Travel Restrictions Between Texas and Louisiana Further Tightened as Texas DPS Sets Up Checkpoints on All Roadways Between the Two States

April 7, 2020 | Insights



Key Takeaway
  • Texas Governor Greg Abbott has issued Executive Orders requiring airborne incoming passengers from the New York Tri-State Area, the states of California, Louisiana (all forms of travel), and Washington, and the cities of Atlanta, Chicago, Detroit, and Miami to mandatorily self-quarantine.
  • On Sunday, March 30, Abbott issued an Executive Order prohibiting the release of criminals with a history of violent offenses and handed down a proclamation blocking judges from releasing these inmates without a paid, cash bond.

– April 7, 2020

By Kate Goodrich

In a tweet on April 5, 2020, Governor Abbott announced that the state has now established checkpoints at all roadway crossings from Louisiana into Texas. This is in addition to the previous travel restrictions that have already been ordered, including the mandatory self-quarantine of passengers who fly in to Texas by air from Chicago, Miami, Atlanta, Detroit, and the states of Washington and California, or drive in to Texas from anywhere in Louisiana.

The Texas Department of Public Safety (DPS) has set up checkpoints at all access points from Louisiana to inform drivers that immediately upon their arrival in Texas, they must self-quarantine for at least fourteen days. Travelers are being asked to complete forms with details about where they will be quarantining. The same case-by-case exemptions that the Governor had previously laid out are still applicable. These exemptions include interstate travel for military, commercial, health and other critical infrastructure workers.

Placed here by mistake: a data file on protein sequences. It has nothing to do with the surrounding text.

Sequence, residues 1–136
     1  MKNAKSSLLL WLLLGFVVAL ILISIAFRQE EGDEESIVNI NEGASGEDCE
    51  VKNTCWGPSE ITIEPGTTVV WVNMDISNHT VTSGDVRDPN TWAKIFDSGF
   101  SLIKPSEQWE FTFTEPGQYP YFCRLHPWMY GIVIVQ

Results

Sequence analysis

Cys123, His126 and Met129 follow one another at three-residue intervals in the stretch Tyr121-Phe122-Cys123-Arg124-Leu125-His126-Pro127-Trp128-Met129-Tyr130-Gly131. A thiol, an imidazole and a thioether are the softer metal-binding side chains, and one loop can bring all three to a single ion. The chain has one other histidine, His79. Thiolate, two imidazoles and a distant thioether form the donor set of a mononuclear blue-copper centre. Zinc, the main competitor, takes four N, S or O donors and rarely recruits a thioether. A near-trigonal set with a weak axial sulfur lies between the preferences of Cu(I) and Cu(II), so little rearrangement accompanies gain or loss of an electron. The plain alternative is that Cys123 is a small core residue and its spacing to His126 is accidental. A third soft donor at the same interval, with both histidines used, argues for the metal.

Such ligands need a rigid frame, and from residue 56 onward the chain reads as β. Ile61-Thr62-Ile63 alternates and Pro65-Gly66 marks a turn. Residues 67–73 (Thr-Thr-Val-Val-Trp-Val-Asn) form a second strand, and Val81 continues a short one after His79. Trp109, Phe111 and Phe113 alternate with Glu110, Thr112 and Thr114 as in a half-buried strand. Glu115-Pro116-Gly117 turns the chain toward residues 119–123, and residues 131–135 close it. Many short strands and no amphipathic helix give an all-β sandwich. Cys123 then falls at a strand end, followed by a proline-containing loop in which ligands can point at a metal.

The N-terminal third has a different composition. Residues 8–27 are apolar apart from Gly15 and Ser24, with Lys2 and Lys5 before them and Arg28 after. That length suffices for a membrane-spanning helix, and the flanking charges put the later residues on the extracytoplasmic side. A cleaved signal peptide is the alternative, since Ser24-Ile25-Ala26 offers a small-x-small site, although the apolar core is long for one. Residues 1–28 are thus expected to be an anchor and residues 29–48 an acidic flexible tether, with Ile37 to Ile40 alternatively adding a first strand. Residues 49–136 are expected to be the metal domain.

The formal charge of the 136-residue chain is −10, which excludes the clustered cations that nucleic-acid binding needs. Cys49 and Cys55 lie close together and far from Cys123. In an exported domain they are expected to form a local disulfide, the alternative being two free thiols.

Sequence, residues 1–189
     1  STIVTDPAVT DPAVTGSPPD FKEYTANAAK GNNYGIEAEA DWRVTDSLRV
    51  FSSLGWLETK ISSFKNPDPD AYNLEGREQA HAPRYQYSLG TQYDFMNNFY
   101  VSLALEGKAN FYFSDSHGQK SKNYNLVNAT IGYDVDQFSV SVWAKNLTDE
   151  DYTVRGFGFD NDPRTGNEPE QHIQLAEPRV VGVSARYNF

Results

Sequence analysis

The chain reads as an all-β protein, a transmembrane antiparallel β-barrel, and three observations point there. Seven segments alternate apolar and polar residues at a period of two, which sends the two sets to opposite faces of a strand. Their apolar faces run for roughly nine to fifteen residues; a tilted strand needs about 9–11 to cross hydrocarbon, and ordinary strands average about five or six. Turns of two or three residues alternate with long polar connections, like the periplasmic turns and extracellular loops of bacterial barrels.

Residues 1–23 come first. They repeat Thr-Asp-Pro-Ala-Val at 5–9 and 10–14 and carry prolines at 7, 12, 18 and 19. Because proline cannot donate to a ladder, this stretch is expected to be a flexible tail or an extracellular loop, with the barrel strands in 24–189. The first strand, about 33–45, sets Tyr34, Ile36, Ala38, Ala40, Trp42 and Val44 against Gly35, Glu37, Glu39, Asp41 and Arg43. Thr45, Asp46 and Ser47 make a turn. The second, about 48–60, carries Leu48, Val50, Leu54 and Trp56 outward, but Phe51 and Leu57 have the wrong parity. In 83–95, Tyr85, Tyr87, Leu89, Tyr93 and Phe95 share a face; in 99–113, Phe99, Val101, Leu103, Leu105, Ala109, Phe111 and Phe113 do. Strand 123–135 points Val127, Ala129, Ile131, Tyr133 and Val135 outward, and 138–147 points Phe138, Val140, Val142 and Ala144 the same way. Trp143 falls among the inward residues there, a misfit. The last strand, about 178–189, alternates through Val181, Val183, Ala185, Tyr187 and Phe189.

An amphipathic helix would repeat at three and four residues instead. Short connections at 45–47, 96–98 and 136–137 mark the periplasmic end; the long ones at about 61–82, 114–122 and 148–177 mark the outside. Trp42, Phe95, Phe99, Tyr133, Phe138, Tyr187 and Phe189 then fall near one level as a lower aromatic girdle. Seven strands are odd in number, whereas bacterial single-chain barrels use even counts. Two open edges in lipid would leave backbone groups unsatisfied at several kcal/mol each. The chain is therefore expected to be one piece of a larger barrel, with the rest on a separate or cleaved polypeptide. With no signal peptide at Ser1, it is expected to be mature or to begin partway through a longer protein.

This announcement comes one week after the Governor expanded the travel restriction to include Louisiana roadways and Texas DPS declared that it had no plans to impose vehicle checkpoints at the border. Throughout that one week, travelers had simply been directed to self-quarantine for 14 days or the duration of their stay, whichever was shorter. A violation of the self-quarantine is still punishable by a fine of up to $1,000, up to 180 days in jail, or both.

Executive Order GA 11 (March 26, 2020): Relating to airport screening and self-quarantine during the COVID-19 disaster »
Executive Order GA 12 (March 29, 2020): Relating to roadway screening and self-quarantine during the COVID-19 disaster »

– March 30, 2020

By Kate Goodrich

On Sunday, March 30, 2020, Governor Abbott updated the state and issued two new Executive Orders to combat the spread of the Coronavirus.

In his first Executive Order of the day, the governor expanded the 14-day mandatory quarantine requirements to also apply to travel by roadway from any location in Louisiana. He also announced that he is adding to the growing list of restricted Coronavirus “hot spots,” declaring that passengers who travel to Texas by air from Chicago, Miami, Atlanta, Detroit, and the states of Washington and California will now be subject to the same restrictions he laid out on March 26. Anyone violating the quarantine order, which Texas Department of Public Safety has been tasked with enforcing, will be subject to a maximum fine of $1,000 or up to six months in jail.